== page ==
a New Jersey sixth-grader threw together a paper on the flags
of French-speaking countries, he flunked the homework assignment,
but never lost interest in the flags.
flag has a story. It's sort of a snapshot of what people want to
say about themselves," said Donald Healy, who was that boy
and who now, as an adult, works as a computer specialist designing
databases for the state of New Jersey.
is a past president of a North American association of vexillologists,
"flag geeks" who spend their spare time studying flags
and their symbolism. "Vexillology" comes from the word
"vexillum," a square flag of the ancient Roman cavalry.
the mid-1990s, at an international congress of vexillology in Warsaw,
Poland, a hundred flag geeks hunkered down to hear Healy talk about
Native American tribal flags.
sort of blew away everybody in the lecture hall because nobody knew
about them. Here was a whole realm of flags that had never before
been seen by these people," Healy said during a phone interview
from his home in New Jersey.
and Peter Orenski co-authored a book titled "Native American
Flags," containing 183 tribal flags, to be released this month.
first documented use of flags by Native American tribes dates back
to the Civil War. Five tribes that had been forced to move to Oklahoma's
Indian Territory fought with the Confederacy under their own banner.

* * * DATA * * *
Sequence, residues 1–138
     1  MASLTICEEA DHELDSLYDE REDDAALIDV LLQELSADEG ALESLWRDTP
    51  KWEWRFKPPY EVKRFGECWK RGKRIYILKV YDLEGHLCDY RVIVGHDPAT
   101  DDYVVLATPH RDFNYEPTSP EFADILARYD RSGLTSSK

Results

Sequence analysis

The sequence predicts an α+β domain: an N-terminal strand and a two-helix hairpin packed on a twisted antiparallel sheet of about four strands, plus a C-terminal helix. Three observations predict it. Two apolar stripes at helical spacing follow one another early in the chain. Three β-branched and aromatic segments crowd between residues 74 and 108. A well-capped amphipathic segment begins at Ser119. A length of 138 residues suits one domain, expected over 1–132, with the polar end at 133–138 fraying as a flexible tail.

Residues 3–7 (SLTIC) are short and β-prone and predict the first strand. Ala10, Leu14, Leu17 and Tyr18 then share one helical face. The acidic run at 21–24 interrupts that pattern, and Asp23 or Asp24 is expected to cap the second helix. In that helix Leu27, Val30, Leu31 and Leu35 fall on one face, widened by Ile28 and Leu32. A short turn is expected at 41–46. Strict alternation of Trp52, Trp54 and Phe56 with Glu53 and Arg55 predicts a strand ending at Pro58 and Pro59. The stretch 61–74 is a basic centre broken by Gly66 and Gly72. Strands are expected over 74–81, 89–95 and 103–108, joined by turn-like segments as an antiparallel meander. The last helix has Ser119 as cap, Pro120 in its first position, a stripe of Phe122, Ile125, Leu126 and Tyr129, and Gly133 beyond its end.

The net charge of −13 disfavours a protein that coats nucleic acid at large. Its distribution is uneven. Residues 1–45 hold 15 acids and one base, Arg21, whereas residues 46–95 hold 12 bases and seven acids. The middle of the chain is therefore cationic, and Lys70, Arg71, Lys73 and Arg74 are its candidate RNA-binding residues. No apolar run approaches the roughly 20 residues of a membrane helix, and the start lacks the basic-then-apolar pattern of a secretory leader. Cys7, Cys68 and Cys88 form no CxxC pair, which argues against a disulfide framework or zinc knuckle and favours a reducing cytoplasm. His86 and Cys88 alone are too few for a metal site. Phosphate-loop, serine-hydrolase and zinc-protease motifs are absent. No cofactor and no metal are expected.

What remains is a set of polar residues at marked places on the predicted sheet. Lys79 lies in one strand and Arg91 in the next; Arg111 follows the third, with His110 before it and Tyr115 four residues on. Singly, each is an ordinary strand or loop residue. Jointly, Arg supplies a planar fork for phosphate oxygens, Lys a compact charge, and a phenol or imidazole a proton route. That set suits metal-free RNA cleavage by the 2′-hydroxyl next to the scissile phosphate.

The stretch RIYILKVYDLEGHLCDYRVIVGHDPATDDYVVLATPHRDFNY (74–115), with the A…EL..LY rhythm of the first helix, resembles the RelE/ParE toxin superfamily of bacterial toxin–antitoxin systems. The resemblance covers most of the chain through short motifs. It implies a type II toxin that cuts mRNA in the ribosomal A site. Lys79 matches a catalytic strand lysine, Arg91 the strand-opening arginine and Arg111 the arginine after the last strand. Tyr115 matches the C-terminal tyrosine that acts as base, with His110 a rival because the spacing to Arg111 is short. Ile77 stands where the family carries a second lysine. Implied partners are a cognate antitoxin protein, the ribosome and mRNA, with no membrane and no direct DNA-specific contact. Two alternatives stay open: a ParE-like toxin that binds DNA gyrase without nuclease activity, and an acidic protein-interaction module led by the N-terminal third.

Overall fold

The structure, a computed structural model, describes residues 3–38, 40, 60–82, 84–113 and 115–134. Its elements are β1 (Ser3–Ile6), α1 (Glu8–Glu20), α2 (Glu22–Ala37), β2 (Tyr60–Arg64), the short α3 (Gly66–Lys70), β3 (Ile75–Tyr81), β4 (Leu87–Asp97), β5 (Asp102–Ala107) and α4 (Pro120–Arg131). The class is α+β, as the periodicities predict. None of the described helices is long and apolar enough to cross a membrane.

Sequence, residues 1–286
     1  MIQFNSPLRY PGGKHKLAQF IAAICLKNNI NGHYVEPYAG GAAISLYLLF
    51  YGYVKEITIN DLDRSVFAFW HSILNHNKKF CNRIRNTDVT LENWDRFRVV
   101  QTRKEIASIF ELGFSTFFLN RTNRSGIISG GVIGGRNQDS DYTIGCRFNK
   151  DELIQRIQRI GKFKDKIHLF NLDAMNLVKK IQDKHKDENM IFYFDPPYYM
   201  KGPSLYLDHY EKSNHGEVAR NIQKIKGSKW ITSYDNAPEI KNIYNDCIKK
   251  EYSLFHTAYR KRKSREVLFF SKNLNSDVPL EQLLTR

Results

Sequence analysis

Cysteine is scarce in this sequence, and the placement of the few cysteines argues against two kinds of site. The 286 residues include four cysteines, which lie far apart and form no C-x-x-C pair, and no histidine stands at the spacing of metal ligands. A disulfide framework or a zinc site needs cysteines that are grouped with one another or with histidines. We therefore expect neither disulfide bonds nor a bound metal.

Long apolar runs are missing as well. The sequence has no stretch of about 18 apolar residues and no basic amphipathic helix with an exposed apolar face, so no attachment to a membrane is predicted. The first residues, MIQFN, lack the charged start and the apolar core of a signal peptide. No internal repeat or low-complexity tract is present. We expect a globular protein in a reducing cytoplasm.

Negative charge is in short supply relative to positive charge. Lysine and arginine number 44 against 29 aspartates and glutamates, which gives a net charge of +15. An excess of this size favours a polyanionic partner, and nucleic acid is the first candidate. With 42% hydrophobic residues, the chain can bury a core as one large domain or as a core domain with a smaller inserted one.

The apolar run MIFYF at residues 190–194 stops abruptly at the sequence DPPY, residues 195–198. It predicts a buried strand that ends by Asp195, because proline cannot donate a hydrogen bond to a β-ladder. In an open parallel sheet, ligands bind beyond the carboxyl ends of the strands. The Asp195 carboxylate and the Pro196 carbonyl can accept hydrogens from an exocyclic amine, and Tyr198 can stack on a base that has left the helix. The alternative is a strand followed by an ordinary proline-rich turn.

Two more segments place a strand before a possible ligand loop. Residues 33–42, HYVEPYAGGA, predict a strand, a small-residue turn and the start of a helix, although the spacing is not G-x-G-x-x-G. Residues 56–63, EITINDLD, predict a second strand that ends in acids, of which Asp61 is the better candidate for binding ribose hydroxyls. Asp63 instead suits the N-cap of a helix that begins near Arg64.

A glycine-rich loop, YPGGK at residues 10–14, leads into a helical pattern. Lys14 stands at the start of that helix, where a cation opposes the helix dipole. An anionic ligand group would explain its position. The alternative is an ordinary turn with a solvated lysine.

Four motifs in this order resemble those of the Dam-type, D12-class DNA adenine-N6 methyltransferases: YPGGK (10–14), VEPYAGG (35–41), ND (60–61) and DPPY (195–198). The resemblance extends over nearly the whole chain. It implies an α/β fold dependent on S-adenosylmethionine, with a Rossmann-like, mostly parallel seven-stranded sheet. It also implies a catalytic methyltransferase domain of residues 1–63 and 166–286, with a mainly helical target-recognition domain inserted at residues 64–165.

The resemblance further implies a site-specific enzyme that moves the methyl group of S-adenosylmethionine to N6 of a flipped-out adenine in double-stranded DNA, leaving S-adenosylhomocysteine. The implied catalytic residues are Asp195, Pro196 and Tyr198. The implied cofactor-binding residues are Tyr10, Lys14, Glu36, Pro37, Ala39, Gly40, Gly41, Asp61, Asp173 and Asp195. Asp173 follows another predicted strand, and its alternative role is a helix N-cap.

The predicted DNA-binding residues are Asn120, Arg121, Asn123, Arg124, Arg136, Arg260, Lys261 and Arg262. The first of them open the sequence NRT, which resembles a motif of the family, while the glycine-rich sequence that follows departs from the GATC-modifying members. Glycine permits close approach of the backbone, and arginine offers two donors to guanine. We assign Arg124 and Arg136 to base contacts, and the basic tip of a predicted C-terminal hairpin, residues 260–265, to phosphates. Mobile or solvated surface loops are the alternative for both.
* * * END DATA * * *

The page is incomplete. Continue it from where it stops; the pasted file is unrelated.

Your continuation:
The Choctaw flag still contains element of that Civil War banner,
Arapaho, on Wyoming's Wind River Reservation, designed one of the
first of the modern Native American tribal flags. The idea for the
flag, which was adopted in 1956, surfaced as a way to honor war
Arapaho flag contains seven stripes of red, white and black. The
red symbolizes the people, the black symbolizes strength in the
face of death and the white represents knowledge to be passed on
to the young, according to information on a tribal Web site.
circle, within a white triangle, is divided into two parts. The
circle represents the world, while the white line, which divides
the circle into two semi-circles, represents the Great Spirit.
addition to proclaiming tribal identity, flags are a tool for expressing
sovereign status, Healy said.
Native American tribes began adopting flag designs in the 1970s
and '80s. The explosion in designs seems to have been triggered
by a series of landmark federal statutes that strengthen tribal
self-government and sovereignty rights.
proliferation of casino gaming also propelled some tribes to design
heard of dozens of instances where the reason for adopting a flag
was 'we needed something to fly outside our casino,'" Healy
Native American flags, Healy and Orenski have their personal favorites.
Northern Cheyenne flag is simple, crisp, full of meaning and one
of the best designs on the continent," Healy said.
Cheyenne flag contains the Morning Star, symbolized by a square
set on a corner with lines emerging from it, set against a blue
the square on a corner, right away it creates a dynamic," Orenski
striking design is distinctive and easily recognizable.
you belong, you know the symbolism," Orenski said.
Star was one name for Dull Knife, the Northern Cheyenne chief who
led his people on a heart-breaking journey back from their forced
placement in Oklahoma to their ancestral lands in Montana.
Blackfeet Nation's flag contains a map of its reservation.
theory is, they're saying this is all the land we've got left and
we're telling you, 'This is ours,' " Healy said.
element on the Crow Tribe's sky-blue flag represents sacred aspects
of the traditional Crow way of life. Those images include a tepee,
war bonnets, peace pipe, medicine bundle and sweat lodge.
about us is on that flag," said George Reed, the tribe's secretary